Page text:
The third edition of The Concise Oxford Dictionary of Linguistics is an authoritative and invaluable reference source covering every aspect of its wide-ranging field. In 3,250 entries the Dictionary spans grammar, phonetics, semantics, languages (spoken and written), dialects, and sociolinguistics. Clear examples - and diagrams where appropriate - help to convey the meanings of even the most technical terms. It also incorporates entries on key scholars of linguistics, both ancient and modern, summarising their specialisms and achievements. With existing entries thoroughly revised and updated, and the addition of 100 new entries, this new edition expands its coverage of semantics, as well as recently emerging terminology within, for example, syntactic theory and sociolinguistics. Wide-ranging and with clear definitions, it is the ideal reference for students and teachers in language-related courses, and a great introduction to linguistics for the general reader with an interest in language and its study.
About the Author
Peter Matthews is Emeritus Professor of Linguistics at Cambridge University and a Fellow of St. John's College, Cambridge. His many publications include Inflectional Morphology (1972), Morphology (2nd ed. 1991), Generative Grammar and Linguistic Competence (1979), Syntax (1981), Grammatical Theory in the United States from Bloomfield to Chomsky (1993), A Short History of Structural Linguistics (2001), Syntactic Relations: A Critical Survey (2007), Linguistics: A Very Short Introduction (2003), and The Positions of Adjectives in English (2014).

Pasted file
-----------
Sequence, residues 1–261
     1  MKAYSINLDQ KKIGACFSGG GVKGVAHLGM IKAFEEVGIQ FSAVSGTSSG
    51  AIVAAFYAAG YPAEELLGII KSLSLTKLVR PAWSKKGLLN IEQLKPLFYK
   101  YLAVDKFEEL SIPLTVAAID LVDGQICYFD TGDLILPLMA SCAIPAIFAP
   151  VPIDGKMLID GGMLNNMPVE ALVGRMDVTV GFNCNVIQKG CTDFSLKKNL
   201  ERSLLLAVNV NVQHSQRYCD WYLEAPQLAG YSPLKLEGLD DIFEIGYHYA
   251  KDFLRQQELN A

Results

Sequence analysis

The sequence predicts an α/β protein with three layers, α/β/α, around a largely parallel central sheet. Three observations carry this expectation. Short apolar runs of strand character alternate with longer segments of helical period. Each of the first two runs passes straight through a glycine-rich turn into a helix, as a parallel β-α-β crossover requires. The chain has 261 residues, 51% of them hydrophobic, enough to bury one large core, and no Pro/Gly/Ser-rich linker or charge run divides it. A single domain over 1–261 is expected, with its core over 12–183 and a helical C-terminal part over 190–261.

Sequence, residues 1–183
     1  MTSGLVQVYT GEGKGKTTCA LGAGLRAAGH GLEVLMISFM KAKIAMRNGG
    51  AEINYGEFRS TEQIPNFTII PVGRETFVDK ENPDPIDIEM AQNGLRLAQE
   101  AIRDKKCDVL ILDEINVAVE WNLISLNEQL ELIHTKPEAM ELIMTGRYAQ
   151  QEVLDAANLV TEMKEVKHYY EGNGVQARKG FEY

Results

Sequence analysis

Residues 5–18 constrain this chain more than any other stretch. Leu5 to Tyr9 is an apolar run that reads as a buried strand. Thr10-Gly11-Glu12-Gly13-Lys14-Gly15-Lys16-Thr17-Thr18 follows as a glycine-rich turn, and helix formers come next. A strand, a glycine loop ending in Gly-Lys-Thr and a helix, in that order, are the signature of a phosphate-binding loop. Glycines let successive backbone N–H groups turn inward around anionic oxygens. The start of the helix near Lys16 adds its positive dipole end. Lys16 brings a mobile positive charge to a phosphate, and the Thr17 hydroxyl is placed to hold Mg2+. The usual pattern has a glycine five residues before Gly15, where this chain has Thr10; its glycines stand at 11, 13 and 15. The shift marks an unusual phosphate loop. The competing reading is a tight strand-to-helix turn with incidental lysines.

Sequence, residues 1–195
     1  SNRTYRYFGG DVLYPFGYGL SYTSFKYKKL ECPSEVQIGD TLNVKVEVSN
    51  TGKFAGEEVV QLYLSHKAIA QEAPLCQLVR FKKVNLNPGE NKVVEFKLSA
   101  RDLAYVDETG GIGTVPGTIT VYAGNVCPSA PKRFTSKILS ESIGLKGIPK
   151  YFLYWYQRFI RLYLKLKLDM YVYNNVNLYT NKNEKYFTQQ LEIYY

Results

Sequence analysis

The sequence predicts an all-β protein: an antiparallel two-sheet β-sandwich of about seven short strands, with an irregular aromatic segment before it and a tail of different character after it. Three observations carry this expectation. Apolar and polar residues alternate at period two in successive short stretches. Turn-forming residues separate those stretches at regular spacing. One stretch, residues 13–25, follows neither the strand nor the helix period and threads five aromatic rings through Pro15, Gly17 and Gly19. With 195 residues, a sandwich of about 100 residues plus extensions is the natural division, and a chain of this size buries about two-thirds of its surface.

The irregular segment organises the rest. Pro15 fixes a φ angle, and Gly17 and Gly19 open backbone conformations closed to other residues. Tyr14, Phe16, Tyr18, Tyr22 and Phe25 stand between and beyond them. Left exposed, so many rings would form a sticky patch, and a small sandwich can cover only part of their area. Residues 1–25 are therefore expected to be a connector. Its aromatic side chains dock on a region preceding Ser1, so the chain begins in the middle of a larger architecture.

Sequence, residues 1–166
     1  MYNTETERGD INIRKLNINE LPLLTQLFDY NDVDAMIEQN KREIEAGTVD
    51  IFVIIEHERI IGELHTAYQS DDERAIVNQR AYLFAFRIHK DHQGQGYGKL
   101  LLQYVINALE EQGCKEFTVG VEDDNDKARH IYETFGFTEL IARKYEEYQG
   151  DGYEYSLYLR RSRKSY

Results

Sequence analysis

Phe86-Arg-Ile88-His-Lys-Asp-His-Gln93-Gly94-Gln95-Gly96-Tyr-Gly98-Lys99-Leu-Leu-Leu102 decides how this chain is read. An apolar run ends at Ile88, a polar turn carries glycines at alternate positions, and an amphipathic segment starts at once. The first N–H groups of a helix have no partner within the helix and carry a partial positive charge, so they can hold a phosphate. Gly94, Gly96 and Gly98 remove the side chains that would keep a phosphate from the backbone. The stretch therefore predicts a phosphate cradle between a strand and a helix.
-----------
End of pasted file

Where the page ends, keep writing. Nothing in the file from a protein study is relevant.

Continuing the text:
Table of Contents
Note on the Third Edition
Directory of Symbols
Most Helpful Customer Reviews
The Concise Oxford Dictionary of Linguistics based on 0 ratings. 1 reviews.
I love the layout and overall content of the ebook. But I was very disappointed to find numerous missing characters/symbols. Apparently, the OCR program didn't recognize the characters and replaced them with a generic box. I brought this to B&N's attention. Their response: the publisher designed the ebook that way and B&N has no control over the format. Doesn't the published proof-read their ebooks? And, if they do, does the publisher simply consider the book to be good enough for ereaders? All those missing characters render the book marginally useful, at best. I certainly expect more from a reference book.